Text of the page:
Size in Square Kilometres
66 550 km2
Qualifying Species and Criteria
Lahille’s bottlenose dolphins – Tursiops truncatus gephyreus
Criterion A; B (1)
Franciscana dolphin – Pontoporia blainvillei
Criterion A; D (1)
Southern Right Whale – Eubalaena australis
Criterion B (2); C (1)
South American Sea Lions – Otaria byronia
Criterion B (2); C (1,2,3)
South American Fur Seals – Arctocephalus australis
Criterion B (2); C (1,3)
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The Southern Brazil and Uruguay Coastal Ecosystems IMMA comprises a mosaic of coastal habitats (from the shoreline out to the 50m isobath, including inner estuaries, islands, rookeries and coastal bays) between Florianópolis, Brazil, in the north and the middle of the Rio de la Plata (political border) in the south where it extends westward up to the Santa Lucia river, Uruguay. It fully covers key habitats for two threatened cetaceans: the entire distributional range of Southern Brazil-Uruguay subpopulation of Lahille’s bottlenose dolphin and Franciscana Management Area III. The area also includes the second most important breeding ground for Southern Right Whales in the Southwest Atlantic, as well as five main breeding colonies of South American fur seals and sea lions and associated feeding area of the latter over the continental shelf in one of the most productive oceanic regions of the world.
Description of Qualifying Criteria
Criterion A – Species or Population Vulnerability
Lahille’s bottlenose dolphin (Tursiops truncatus gephyreus) – The low abundance of the subspecies, with an estimate of fewer than 600 individuals alive in 2022, led to their classification as Vulnerable on the IUCN Red List (Vermeulen et al. 2019).
Franciscana (Pontoporia blainvillei) – As one of the most threatened small cetaceans in the western South Atlantic this species is listed as Vulnerable on the IUCN Red List of Threatened species, due to high bycatch and increasing habitat degradation throughout its range (Zerbini et al. 2017).
Criterion B: Distribution and Abundance
Sub-criterion B1: Small and Resident Populations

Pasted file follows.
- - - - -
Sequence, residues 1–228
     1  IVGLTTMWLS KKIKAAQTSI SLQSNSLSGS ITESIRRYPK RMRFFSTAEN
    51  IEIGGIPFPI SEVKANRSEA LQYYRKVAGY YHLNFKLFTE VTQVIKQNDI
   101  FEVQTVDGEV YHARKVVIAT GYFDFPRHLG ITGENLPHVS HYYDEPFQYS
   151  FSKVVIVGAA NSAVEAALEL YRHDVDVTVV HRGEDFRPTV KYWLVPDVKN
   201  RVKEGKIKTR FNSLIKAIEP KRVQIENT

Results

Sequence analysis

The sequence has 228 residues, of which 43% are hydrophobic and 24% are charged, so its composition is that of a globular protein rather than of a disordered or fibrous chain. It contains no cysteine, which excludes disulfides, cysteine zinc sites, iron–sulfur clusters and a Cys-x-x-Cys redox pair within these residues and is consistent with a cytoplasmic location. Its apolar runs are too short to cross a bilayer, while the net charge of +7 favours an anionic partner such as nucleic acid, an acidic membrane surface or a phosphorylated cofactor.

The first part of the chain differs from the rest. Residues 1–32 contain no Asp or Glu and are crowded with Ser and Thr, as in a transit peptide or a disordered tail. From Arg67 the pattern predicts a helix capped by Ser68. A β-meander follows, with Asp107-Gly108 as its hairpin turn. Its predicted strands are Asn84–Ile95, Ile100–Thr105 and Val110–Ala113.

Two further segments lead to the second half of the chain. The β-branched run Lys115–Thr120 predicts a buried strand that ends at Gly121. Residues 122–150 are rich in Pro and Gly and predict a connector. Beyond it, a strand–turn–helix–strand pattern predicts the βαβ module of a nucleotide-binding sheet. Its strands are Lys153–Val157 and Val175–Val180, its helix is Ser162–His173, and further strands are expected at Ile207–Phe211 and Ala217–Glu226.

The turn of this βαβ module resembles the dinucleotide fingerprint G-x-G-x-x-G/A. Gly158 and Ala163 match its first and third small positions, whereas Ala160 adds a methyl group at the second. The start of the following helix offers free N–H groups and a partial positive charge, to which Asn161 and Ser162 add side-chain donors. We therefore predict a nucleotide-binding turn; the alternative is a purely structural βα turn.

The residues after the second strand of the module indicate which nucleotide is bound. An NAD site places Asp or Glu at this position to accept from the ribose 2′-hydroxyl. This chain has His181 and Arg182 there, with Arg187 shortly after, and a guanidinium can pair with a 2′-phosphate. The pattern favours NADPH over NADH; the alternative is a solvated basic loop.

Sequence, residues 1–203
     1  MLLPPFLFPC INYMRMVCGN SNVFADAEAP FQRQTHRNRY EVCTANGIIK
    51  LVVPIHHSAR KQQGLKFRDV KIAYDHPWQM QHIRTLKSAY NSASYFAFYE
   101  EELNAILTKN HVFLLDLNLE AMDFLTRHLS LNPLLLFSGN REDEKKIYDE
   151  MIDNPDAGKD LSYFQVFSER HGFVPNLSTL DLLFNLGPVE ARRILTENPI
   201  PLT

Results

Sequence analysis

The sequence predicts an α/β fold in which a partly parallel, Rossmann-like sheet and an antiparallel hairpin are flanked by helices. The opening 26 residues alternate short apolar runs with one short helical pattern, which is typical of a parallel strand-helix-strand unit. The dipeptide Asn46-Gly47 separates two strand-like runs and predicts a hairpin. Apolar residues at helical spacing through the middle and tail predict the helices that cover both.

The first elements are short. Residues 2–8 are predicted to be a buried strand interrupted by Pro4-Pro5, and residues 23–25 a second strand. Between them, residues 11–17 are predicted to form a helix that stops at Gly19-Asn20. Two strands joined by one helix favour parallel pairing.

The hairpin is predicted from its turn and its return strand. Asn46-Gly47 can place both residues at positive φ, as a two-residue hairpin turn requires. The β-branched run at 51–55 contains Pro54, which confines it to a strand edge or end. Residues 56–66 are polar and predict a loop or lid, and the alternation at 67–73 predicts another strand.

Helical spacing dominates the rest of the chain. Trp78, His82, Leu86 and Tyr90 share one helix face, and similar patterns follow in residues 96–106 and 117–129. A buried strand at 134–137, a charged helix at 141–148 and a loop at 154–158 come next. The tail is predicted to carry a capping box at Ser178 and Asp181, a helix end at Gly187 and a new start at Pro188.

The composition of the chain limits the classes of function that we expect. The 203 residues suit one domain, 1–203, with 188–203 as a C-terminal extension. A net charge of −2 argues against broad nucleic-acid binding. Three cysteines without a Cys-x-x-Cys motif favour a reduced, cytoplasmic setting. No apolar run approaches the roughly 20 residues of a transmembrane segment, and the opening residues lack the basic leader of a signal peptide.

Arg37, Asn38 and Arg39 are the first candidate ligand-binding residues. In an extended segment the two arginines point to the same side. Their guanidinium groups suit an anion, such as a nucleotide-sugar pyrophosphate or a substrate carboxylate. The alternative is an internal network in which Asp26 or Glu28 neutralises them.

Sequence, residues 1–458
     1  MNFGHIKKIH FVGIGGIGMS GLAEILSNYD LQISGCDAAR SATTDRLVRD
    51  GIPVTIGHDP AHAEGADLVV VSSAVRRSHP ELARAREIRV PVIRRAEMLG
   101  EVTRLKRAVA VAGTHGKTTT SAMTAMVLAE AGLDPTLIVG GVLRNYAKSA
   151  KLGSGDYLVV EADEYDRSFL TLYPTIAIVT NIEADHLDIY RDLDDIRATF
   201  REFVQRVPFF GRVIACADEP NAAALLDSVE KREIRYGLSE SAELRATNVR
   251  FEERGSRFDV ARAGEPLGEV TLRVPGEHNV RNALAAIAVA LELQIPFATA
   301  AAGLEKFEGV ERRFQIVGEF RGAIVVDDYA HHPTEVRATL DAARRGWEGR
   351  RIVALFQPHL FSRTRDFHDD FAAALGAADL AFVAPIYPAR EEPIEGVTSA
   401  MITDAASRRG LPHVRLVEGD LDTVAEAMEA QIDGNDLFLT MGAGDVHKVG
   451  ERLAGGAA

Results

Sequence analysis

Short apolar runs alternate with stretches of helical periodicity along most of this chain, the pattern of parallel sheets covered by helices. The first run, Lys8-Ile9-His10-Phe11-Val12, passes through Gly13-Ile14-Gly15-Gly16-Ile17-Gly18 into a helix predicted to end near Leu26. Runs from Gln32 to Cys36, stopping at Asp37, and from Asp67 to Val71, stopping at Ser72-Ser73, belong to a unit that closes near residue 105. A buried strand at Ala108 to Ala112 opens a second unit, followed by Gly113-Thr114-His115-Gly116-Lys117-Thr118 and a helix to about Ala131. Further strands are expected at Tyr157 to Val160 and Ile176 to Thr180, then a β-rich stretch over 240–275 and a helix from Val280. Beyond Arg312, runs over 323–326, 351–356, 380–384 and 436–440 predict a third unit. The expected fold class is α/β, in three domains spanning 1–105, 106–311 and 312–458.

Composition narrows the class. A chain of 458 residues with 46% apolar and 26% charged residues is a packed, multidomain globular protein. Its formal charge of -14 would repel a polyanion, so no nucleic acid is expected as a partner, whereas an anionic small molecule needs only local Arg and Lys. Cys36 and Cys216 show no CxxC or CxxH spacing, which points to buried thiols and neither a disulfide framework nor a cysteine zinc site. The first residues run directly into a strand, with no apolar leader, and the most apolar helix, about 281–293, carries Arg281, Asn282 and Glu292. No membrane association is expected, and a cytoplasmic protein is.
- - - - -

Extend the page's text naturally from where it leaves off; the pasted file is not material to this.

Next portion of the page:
Lahille’s bottlenose dolphin – The Lahille’s bottlenose dolphin subspecies is divided into two geographically isolated subpopulations: Southern Brazil-Uruguay, and Argentina (Fruet et al. 2014). This IMMA covers the entire range of the Southern Brazil-Uruguay subpopulation, which consists of five small management units (Fruet et al. 2014). The Gephyreus Project – an international research initiative coordinating simultaneous photo-identification sampling at seven sites along the distribution range of the subspecies in order to investigate the metapopulation dynamics of the southern Brazil/Uruguay subpopulation – has been generating consistent results. Mark-recapture models in a Robust Design framework were fitted to data collected from the seven sampled sites in southern Brazil and Uruguay, collected during seven sampling periods between 2019 and 2022. These models estimated the number of marked individuals for each area per period. Total abundances, corrected by the mark rate estimation, ranged from 53 (95%CI: 50-57) to 62 (95%CI: 48-76) in Laguna; from 127 (95%CI: 80-174) to 252 (95%CI: 143-361) in Patos Lagoon; from 20 (95%CI: 11-30) to 29 (95%CI: 16-41) in Tramandaí; from 4 (95%CI: 3-8) to 47 (95%CI: 37-57) in Torres; from 8 (95%CI: 3-12) to 24 (95%CI: 4-12) in North Bay; from 10 (95%CI: 7-14) to 38 (95%CI: 21-55) in Uruguay. Combining the estimates from all areas, the total estimate for southern Brazil and Uruguay ranged from 246 (95%CI: 183-309) in the first period to 398 individuals (95%CI: 245-550) in the sixth sampling period, suggesting a total of < 400 individuals for the entire southern Brazil-Uruguay subpopulation (Fruet et al. 2023). High resighting rates of marked animals recorded within and between sampling periods suggests strong residence and site fidelity to estuaries and river mouths. Results from long-term mark-recapture studies with the resident local populations indicates that the region is used for reproduction and take care of young, with most births occurring during spring and summer, in association with increasing water temperature and food supply (see Fruet et al. 2016 for review; Fruet et al. 2015; Bezamat et al 2019). Inner waters of estuaries and bays are preferred for females to take care of their young. Interbirth-interval estimates are also available (Hoffman 2004; Fruet et al. 2015; 2016; Bezamat et al. 2019). For Baía Norte and Itajaí river, in southern Brazil, as well as in Uruguay, there are many records of the presence of mother and calf pairs using these areas constantly, but no reproductive rate estimation is available (Flores et al. 2007). Sub-criterion B2: Aggregations